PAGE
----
Sometimes it’s small things that let you know the world is changing for the better.
Finding frozen Malaysian durian was one of those things. This durian doesn’t care that it was frozen; the texture is the same smooth cream. The flavor is nearly the same. It’s the closest thing to eating fresh durian that you’ll find in the United States. And it’s available in Portland.
Portland is a big city by Oregon standards, but not that big of a city. Yes, its metropolis area holds about half the population of our entire state, but that’s more a reflection of how few people live in the rest of Oregon (not many).
Portland is teeny compared to cities like New York or Los Angeles. Of course they would have Musang King. But Portland? Portland?!
Can I adequately express my excitement?
I mean, I’ve known that Musang King was available in New York since 2013.And last month I discovered that Hawaii Supermarket in Los Angeles was now carrying whole frozen Musang King durians from the Rockman Co. Brand, but since I was in L.A. at the time I didn’t have the chance to taste it for myself and see how Musang King holds up to being frozen and shipped across the ocean.
But durian being available in Portland gives me hope for the rest of American durian lovers that they too will soon find Musang King in their Asian grocery stores.
I almost missed the Malaysian durians. I was in a hurry, and after bee-lining to the freezer section for the standard Thai durians I decided, on a whim, just to swing through the produce section.
The Malaysian durians were sitting out with the rest of the tropical exotics, right between the mangoes and the papayas. They looked small and dark, swaddled in yellow mesh scraps of plastic wrapping.
There was no ice in sight, and the thawing fruits were releasing that weird rubber eraser smell that always seems to emanate from frozen durian shells (what is that? Does anyone else smell it?).
The Musang Kings cost $8.95 per pound, about four times as much as the Monthongs I held in my hand. I set down the Thai fruits and picked up a Malaysian.
They’re small, I reasoned with myself. Then I abandoned the Monthongs to the depths of the freezer.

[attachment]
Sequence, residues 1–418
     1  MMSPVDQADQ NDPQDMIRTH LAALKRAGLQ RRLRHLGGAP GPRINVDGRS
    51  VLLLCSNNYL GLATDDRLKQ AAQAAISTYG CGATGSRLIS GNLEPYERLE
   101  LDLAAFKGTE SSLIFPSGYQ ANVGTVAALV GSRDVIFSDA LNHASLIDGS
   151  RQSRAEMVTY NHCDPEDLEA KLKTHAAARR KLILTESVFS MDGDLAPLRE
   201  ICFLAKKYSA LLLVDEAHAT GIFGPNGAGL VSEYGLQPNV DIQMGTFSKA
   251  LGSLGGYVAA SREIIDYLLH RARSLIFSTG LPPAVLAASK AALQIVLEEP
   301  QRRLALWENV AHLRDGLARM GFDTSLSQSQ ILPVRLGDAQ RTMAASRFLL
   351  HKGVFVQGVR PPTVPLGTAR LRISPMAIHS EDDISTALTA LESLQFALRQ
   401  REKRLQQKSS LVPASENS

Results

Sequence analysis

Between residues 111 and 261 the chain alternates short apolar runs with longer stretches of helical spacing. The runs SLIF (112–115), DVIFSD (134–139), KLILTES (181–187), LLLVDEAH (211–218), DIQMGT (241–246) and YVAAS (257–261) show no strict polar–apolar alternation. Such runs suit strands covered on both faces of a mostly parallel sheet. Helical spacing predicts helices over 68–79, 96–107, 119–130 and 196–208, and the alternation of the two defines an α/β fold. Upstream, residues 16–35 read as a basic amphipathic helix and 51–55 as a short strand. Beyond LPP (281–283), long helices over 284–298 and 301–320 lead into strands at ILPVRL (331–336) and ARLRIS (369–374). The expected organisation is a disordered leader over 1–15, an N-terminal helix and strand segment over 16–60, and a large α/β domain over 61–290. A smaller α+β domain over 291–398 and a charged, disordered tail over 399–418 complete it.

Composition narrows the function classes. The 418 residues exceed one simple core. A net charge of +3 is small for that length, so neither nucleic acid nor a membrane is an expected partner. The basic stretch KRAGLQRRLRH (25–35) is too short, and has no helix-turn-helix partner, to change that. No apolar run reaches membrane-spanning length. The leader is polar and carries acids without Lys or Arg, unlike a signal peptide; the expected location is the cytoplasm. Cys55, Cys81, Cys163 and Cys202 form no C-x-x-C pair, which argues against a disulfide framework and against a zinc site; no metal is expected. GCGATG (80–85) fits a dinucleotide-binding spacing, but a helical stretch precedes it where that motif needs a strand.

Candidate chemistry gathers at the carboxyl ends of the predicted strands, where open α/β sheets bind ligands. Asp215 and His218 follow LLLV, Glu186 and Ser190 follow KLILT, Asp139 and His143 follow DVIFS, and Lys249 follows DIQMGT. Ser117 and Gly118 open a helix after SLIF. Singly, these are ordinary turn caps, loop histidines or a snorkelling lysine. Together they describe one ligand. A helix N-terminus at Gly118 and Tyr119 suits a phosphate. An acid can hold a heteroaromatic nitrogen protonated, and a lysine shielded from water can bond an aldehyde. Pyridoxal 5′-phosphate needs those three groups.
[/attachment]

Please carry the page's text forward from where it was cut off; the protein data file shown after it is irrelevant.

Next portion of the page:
I recognized the tag on the Musang King as the same brand that is being sold at Hawaii Supermarket in Los Angeles.
The company is Rockman USA, based in Santa Fe Springs, California.
They have a website where you can order various products and durian products — like durian cookies, durian crackers, durian paste and durian flavoring — but it dosen’t mention Musang King.
On their Facebook page I asked them why and whether we’d ever be able to mail-order Musang King, but they didn’t reply. So for now it’s big distributors only, I guess.
I ripped open the netting and examined my durian. The square, blocky spines were soggy and soft, the whole fruit a deeper brown than I was used to.
The stem was a royal mess; bashed and lacerated and gooey from the damage it sustained during it’s oversea travels.
Whether or not it had the classic star used to identify a Musang King was hard to determine because my durian, like all the fruits available (I checked) had begun to split open on it’s own.
I found this a little concerning, since keeping the pod sealed is part of retaining the aroma and the luscious flavor within.
But at least I didn’t need a knife. The soggy shell pulled open easily, revealing a masterpiece.
I couldn’t believe how well it had retained it’s wrinkles. I started salivating. It was hard to have the patience to take pictures for you.
It also answered a question I’ve had mind ever since I purchased a frozen Musang King in Australia, that had pure, snowy white flesh. Could Musang King lose it’s beautiful color in the deep freeze?
When I contacted the company, they assured me that normally frozen Musang King was just as yellow after freezing as before, and that mine was white because it had been in the freezer for over a year. (The company initially offered to replace the durian but then didn’t respond to follow-up messages. So much for that).
But this durian was a satisfying, glowing hue the color of turmeric. As it should be.
I picked up a pod, holding it gingerly between my fingers. It was firm, and disdained to stain my fingers with cream or juice. I’ve eaten Monthong durians that have caused rivulets of durian-smelling, cold water to run down my wrist.
I peeled it open to reveal the slim brown, aborted seed so classic in a Musang King.
The flesh pulled cleanly off the seed so that I held the shiny, fatty hunk of golden Musang King flesh in my fingers.
This was the moment of truth. I took a bite.
It was dense and utterly smooth. Except for the slight chew of the firm skin, the durian had an utterly homogeneously creamy interior. It had no fibers or strings, or the odd bits of rubber that I sometimes encounter in frozen Thai durian. The texture was perfect.
It tasted like chocolate mousse. A solid, satisfying, middle-of-the-road combination of earthy cocoa and sugar. I closed my eyes, and for just a second I was back in Malaysia.
“Ugh, do you smell that?” someone asked nearby. “What is it?”
Nope, not in Malaysia.
This was the best durian I have ever eaten in the United States (not counting Puerto Rico).
Musang King seems to stand up really well to being frozen. The texture and total eating experience was far more similar to consuming it fresh than when eating Thai durians, which tend to be alternatively stringy, lumpy, or too wet when thawed.
This durian resolves the texture turn-off problem for people who like the flavor of durian but can’t get past the truly odd texture of defrosted Thai durians.
And best yet, it still stinks.
Where I Found It
6750 NE Broadway St, Portland, OR 97213
Hours: 8:00 AM – 9:00 PM Daily